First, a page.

Big trips just need to come naturally. You know – the timing needs to be dead right.
For the last three years I’ve been living with my parents and squirrelling away money, waiting for that feeling to let me know it’s time to go. All that waiting – it’s kind of unhealthy. Transfixed on tomorrow. After Europe I promised I’d try to live in the moment a little more, but easier said than done.
A couple of months ago, in preparation to follow my girlfriend over to New Zealand, work granted me up to a years sabbatical. I was all set to road-trip again.
Only thing is, I hadn’t got a clue what I was actually going over there to do. Ski season maybe?
Then, only a couple of weeks ago, the real clincher. Sarah and I broke up.
The decision was right for both of us and, after five years, thankfully an amicable one, but that wasn’t enough to calm the wave of nausea that struck me in the days that followed. I’d been wilfully avoiding making any big decisions for a while, but now I was being handed the keys and told to take the wheel. If I’m not competent enough to exist with full support from another human being, I’m utterly fucked on my own. Or so I thought in the initial turbulence and tumult.
I had to admit that I was never that invested in New Zealand, but if not, what the hell am I interested in?? It was murky introspection sure, but one place kept coming to the surface – a place I’d forgotten I wanted to go to for a long while. India.
Where else can you be in the Himalayas and Hill Station’s one week, then riding across deserts and jungles the next? Animals, people, beaches, temples, street food – the wonderful colour of life all on display in India. I’ll admit, I’ve maybe had a little too long to romanticise about the adventure..
I’ve been toying with how to get there for a couple of weeks now – overland or fly in and buy a bike locally. I’d obviously love to make my own way to India, but a little bit of research started revealing some tricky logistics. Post after post on Horizons Unlimited describing how difficult or costly it is to ride through China (or freight right through). I could go through Iran and Pakistan but these seem to have a few red flags, and I’d rather take my time through those countries when the situation is a little calmer. Of course I could ride all the way to the East of Russia and freight around China, but that seems like a major ballache. Apparently, new laws in Thailand mean that if you arrive on a vehicle you’ll also need to be on an organised tour (£££).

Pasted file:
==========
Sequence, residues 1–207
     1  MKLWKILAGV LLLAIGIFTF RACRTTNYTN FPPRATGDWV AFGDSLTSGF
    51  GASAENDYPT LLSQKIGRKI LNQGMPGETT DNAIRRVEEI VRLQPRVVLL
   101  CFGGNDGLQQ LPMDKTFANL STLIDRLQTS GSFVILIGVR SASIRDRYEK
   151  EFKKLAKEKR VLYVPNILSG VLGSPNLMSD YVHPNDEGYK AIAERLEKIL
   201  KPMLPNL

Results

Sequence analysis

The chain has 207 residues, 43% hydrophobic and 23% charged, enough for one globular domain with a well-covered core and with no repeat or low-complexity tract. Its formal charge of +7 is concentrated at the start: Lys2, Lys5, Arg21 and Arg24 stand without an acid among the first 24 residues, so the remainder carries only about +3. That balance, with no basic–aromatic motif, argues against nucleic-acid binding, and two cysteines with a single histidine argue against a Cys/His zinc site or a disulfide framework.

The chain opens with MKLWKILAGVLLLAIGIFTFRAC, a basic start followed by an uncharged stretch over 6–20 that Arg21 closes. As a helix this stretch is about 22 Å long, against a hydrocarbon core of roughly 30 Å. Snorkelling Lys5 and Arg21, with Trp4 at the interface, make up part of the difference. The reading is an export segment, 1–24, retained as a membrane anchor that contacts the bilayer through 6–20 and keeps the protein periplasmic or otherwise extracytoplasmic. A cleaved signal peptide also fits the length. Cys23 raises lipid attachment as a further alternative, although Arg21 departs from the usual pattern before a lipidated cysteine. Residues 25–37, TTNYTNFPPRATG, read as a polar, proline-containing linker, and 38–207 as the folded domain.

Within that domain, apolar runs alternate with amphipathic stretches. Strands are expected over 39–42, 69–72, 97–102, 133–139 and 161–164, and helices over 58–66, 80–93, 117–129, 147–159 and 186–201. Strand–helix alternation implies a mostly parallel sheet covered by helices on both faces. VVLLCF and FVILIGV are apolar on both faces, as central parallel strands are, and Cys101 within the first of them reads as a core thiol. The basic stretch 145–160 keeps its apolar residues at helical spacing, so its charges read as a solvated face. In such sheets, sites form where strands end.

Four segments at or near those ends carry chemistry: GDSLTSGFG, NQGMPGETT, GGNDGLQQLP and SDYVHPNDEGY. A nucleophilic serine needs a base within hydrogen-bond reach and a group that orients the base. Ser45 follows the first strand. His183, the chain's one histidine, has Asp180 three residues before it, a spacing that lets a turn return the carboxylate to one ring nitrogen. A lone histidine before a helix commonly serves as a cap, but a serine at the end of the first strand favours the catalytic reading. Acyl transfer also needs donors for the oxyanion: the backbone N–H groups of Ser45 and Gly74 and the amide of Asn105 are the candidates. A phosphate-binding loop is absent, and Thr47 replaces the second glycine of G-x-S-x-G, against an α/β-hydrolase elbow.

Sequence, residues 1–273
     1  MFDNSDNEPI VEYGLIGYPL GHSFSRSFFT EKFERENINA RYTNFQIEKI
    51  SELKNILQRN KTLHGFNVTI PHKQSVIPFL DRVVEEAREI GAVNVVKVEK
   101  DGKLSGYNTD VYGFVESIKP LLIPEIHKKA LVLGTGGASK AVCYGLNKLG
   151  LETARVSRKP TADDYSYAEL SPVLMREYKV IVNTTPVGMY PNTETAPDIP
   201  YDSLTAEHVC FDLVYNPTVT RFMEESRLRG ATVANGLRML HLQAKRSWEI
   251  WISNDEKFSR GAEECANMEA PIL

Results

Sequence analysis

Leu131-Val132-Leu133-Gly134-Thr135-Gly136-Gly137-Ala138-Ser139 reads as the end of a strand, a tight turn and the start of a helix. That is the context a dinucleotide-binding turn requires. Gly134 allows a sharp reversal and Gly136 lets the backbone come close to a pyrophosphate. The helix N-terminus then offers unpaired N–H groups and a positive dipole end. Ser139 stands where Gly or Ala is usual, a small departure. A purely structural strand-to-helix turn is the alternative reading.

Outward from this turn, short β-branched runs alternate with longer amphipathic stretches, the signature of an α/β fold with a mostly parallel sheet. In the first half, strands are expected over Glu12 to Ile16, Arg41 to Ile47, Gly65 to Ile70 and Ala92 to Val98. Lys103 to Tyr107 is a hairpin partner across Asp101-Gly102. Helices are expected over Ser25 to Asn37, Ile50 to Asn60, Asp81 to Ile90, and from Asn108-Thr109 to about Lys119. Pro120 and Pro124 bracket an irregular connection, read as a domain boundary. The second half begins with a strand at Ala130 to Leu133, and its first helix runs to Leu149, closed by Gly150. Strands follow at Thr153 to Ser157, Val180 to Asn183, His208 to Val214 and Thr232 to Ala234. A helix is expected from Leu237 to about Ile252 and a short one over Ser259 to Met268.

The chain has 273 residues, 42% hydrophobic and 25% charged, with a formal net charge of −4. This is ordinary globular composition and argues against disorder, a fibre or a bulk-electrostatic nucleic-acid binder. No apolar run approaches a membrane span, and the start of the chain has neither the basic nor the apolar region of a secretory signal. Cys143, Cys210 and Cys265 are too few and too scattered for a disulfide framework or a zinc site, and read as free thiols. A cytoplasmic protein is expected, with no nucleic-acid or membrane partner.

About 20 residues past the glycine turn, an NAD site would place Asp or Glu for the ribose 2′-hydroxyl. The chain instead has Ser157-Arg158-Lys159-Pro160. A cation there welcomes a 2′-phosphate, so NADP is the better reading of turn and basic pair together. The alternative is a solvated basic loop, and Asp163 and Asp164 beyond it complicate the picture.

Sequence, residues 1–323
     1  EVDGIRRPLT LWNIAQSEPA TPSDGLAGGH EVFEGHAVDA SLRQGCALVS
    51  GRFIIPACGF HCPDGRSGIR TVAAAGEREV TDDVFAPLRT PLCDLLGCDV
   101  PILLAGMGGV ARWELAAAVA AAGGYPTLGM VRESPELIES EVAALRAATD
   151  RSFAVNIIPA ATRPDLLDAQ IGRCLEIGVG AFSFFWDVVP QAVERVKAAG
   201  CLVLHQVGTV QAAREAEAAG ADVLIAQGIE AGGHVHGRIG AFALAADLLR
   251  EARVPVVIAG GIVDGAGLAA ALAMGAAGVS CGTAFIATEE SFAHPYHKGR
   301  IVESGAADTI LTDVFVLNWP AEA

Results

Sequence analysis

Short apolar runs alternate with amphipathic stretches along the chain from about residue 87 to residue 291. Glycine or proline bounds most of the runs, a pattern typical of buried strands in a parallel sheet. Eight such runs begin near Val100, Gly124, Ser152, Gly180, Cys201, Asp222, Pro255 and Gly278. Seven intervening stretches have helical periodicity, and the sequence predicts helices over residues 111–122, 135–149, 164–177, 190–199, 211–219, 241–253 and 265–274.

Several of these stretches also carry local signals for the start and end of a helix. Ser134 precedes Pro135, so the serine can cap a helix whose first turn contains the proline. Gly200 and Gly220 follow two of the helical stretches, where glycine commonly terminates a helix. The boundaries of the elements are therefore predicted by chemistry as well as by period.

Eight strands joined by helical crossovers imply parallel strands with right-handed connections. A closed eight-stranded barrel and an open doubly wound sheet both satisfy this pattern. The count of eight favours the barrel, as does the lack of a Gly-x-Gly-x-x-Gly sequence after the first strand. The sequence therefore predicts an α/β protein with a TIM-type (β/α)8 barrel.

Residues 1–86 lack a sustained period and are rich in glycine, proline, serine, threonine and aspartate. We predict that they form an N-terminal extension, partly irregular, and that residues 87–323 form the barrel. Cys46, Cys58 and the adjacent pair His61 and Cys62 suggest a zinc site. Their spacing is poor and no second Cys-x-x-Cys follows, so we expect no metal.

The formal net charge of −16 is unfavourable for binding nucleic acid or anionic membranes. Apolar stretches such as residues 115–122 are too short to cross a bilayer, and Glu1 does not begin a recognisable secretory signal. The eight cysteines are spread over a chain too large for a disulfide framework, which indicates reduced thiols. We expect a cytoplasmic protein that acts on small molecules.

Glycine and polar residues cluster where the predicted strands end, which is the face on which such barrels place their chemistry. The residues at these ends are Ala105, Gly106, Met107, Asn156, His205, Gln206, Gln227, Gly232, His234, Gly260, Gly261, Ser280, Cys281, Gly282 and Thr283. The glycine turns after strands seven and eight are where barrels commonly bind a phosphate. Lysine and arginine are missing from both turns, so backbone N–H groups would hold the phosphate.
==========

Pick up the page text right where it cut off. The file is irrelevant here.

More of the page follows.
Then the Carnet at around £2k (I haven’t sold a house, I still can’t afford to throw £2k into a paper booklet), and the need to get the bike back afterwards to claim the deposit back – again freight, or requiring multiple or long visas for the countries in between.
It is a total hassle – and the way my heart wasn’t in it said it all.
I just want to go to India, I don’t need to build it into any RTW trip.
I’ll fly in and buy a bike when I’m there… and of course there is only one bike to buy.
Even with my counter culture streak, there are just some universal truths. One of them is riding a bullet through India. Though I have to admit, I’ve got a soft spot for the much less rugged or practical Continental GT. We’ll see what’s on sale when I get there!
It’s still early days and I’m busy fleshing out the bare bones of a plan – dates, flights, rough route, visas. There is one thing with my current timings though, and I’m kind of wearing it as a right of passage. That’s the monsoon. It’ll be in full force in July. Fuck yeah
It’s been a tough couple of months but the plan – this plan – is jump starting my mojo something fierce. So it is the jigsaw falls into place – Now the timing is right.
Been to India before? Live there? I’d love to know what you think! Where’s some cool biking experiences at?